What I see of this test is that the ad words pointing to the 'Short copy' page was actually pointing to THE HOME PAGE which contained some short copy, where the long copy pointed to an actual landing page. Might this be better to represent the difference between sending someone to a customized landing page vs sending them to a home page?

#11 ChrisChoi

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Posted 21 December 2004 - 01:26 PM

Tests have proven time and time again that long copy outpulls
short. Why? People need to know more of WHY they're buying.
They want to know the benefits, the specifics, case studies,
testimonials, how they can use it, etc.

The wallstreet journal has tested this concept various times
and have found long copy to outpull short. And keep in mind
they have put in millions of dollars worth of testing in this.

Copy can never be too long, just too boring.

#12 Respree

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Posted 21 December 2004 - 01:31 PM

Tests have proven time and time again that long copy outpulls 
short. Why? People need to know more of WHY they're buying. 
They want to know the benefits, the specifics, case studies, 
testimonials, how they can use it, etc.


I agree with you, but why does having it 'all' on one page, pull better than breaking that same information into more digestible chunks? Would like to see the Wall Street study, if you'd care to share it with us.

#13 DCrx

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Posted 21 December 2004 - 08:07 PM

Tests have proven time and time again that long copy outpulls
short. Why? People need to know more of WHY they're buying.


If you test someone who writes copy well, long does pull better. With bad copy, the shorter the better. Although I don't think bad copy can ever be short enough to not give itself away.

It is possible to test bad copy and come away with an idea contrary to what we say here. For example, an example of bad copy might be improved by editing. It would seem that this refutes the claim -- the copy is still bad but helped some by a good edit. It is ever so slightly misleading to say all long copy outpulls short.

but why does having it 'all' on one page, pull better than breaking that same information into more digestible chunks?


Catalog copywriters pack a lot into a small space. Keep in mind we are not talking about mere mass, but quality copy. Take catalog descriptions. You could have a shorter "teaser" blurb, but then the user gets more when they click on the photo/more... link.

Users can easily signal when they want more, how much more, at what point. Here A/B split run testing is key. This doesn't take fancy technology, although there should be about fifty times as many split run scripts out there.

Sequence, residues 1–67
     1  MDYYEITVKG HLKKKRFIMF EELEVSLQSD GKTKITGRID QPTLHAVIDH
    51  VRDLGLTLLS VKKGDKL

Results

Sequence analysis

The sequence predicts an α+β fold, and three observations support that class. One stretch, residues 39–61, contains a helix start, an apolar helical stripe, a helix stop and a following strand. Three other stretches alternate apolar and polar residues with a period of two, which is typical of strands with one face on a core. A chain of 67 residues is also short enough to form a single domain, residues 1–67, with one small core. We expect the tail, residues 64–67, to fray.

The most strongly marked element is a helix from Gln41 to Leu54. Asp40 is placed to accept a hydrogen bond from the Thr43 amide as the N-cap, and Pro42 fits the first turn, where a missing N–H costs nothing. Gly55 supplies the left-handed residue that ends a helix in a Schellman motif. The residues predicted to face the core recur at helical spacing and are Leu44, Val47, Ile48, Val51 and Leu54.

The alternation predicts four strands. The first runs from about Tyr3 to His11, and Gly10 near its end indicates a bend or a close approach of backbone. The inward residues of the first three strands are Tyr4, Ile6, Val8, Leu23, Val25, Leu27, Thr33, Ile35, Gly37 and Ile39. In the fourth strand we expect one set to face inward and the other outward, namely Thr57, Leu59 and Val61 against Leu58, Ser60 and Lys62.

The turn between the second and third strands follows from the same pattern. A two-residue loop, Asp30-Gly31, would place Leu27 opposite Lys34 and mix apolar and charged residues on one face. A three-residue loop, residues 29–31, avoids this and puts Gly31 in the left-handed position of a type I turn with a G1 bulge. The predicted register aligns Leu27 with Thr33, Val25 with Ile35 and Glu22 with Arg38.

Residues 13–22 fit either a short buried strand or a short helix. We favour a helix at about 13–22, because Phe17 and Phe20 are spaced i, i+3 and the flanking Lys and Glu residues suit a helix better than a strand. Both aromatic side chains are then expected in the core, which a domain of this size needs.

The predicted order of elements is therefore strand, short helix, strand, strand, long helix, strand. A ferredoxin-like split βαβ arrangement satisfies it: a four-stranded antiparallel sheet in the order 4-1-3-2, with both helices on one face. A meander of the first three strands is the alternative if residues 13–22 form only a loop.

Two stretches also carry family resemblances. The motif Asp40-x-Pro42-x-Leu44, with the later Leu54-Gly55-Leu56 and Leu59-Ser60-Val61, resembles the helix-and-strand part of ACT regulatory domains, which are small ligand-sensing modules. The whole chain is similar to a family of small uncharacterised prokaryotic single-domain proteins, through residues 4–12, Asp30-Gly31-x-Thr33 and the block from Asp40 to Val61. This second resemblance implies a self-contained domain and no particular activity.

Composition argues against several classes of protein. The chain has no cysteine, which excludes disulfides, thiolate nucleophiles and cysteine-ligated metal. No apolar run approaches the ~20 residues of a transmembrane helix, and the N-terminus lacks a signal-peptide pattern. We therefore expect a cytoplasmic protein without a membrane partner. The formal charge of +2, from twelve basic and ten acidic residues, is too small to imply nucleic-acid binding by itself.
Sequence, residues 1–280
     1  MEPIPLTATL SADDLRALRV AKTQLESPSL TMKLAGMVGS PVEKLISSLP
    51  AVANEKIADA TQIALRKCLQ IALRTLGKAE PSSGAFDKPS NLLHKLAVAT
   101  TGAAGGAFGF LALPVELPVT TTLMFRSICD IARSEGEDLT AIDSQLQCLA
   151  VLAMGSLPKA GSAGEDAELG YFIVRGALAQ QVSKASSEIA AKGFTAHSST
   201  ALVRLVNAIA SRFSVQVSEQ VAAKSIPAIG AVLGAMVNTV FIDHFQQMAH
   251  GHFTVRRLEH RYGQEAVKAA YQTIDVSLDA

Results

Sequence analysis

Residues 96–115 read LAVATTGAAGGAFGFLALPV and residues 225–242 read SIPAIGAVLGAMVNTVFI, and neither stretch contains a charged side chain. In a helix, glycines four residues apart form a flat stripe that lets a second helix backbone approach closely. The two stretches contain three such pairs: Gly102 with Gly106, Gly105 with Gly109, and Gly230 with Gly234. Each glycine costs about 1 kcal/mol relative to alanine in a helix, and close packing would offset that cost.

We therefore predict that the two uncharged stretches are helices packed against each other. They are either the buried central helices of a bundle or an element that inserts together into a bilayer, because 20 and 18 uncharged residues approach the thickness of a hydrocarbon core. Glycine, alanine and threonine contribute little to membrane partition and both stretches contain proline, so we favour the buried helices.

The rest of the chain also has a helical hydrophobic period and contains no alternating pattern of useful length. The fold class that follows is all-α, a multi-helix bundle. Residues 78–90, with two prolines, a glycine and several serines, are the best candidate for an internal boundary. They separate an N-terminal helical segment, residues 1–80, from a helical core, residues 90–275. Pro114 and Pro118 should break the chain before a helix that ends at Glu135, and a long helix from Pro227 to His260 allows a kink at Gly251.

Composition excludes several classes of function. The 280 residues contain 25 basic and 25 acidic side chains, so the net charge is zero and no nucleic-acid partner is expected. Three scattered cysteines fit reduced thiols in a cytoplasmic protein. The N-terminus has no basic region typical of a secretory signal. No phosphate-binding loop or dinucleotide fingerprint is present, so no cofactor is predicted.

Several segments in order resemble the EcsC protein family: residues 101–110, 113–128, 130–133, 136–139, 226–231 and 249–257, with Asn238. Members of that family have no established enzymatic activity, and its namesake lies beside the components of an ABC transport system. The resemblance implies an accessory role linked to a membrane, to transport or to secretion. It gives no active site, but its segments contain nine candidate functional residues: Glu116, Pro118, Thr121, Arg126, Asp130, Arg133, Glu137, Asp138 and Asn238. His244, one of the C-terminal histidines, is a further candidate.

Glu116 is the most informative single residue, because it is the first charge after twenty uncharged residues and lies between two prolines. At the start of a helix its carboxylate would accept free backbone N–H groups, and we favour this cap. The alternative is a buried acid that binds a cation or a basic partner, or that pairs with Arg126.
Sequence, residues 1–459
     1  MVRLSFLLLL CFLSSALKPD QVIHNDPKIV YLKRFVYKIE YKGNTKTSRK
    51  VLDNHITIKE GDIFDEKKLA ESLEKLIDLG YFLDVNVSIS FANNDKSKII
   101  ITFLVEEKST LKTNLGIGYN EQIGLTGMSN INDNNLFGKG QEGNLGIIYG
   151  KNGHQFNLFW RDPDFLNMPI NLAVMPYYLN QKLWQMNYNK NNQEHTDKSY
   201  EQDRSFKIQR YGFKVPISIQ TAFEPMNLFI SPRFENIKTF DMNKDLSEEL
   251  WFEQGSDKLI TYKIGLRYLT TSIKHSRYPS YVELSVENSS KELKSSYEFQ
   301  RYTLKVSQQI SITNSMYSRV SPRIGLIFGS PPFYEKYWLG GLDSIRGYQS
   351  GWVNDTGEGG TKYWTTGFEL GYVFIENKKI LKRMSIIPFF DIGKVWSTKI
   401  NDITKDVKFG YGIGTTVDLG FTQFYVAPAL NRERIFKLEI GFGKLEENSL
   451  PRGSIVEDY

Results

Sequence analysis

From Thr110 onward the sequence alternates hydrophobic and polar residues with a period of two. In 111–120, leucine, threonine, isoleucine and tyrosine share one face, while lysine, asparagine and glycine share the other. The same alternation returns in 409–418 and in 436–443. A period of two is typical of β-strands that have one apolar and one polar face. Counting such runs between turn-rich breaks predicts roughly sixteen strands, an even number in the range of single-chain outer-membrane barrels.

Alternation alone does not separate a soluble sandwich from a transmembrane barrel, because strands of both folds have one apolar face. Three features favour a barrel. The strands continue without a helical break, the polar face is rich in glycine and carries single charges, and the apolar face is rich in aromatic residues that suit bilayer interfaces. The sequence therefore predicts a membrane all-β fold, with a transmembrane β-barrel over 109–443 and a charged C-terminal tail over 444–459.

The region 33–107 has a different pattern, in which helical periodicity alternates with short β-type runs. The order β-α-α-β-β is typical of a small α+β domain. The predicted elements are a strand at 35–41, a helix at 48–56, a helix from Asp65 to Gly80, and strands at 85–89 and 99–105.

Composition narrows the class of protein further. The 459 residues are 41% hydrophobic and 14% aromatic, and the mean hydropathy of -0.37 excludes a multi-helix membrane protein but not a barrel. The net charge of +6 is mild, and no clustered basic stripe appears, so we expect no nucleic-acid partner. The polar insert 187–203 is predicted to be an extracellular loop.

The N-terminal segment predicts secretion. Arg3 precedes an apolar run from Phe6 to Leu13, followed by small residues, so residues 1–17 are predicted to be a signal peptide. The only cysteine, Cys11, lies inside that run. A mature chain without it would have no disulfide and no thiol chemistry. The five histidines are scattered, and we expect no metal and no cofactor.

#14 James

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Posted 22 December 2004 - 03:20 AM

It's interesting to see Adrian mention the MP3Players site. Until quite recently, I was working with one of their competitors and it soon came to light that the major 3 or 4 independent MP3 player sites were sharing product descriptions, category structures, etc, etc.

They all seemed to be reluctant and get out of this rut. I'm in total agreement that categorising MP3 players as H.D or Flash is not helpful to many visitors and tried over several months to remind the client that they should concentrate on the benefits of the players and use those to categorise. These benefits may be based on capacity, inclusion of an FM radio, etc, rather than the technology used.

The client were also reluctant to add their own views of the product. If you walk into a store and see a good salesman, they will enthuse about their products. How good they are at meeting a potential customer's desires. They won't focus too much on the technology unless an understanding of the technology is critical to helping understand how that benefit is provided.

Some of these sites claim to be experts in their field, and yet can't enthuse about the products they sell, and need to regurgitate little more than the product spec. I don't want to know whether an MP3 player supports OGG or WAV. I want to know that I can use it down the gym without it skipping, that it'll store all of my CDs, and if I get bored with those, I can listen to the radio. I don't want to know it has an easy to use menu system, I want to know what makes it easy to use.

Yes, there will be visitors that want Flash rather than HD. But, to know what they want needs them to understand the relative benefits of one over the other.

#15 whitemark

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Posted 22 December 2004 - 04:23 AM

... The wallstreet journal has tested this concept various times 
and have found long copy to outpull short. And keep in mind 
they have put in millions of dollars worth of testing in this ...


I wouldn't put so much trust based on the amount of money spent. While big firms do have a lot of money to spend, they don't often spend it wisely.

Some examples:

1. After translating their slogan "Come Alive! You're in the Pepsi Generation" into Chinese, corporate officials were stunned to discover they'd just spent millions of dollars announcing, "Pepsi Brings Your Ancestors Back from the Grave".

2. Chevrolet, mystified by sluggish sales of its new Nova compact in Latin America, eventually discovered the spanish translation of no va: "It Doesn't Go".

#16 DianeV

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Posted 22 December 2004 - 05:28 AM

LOL! Those are priceless!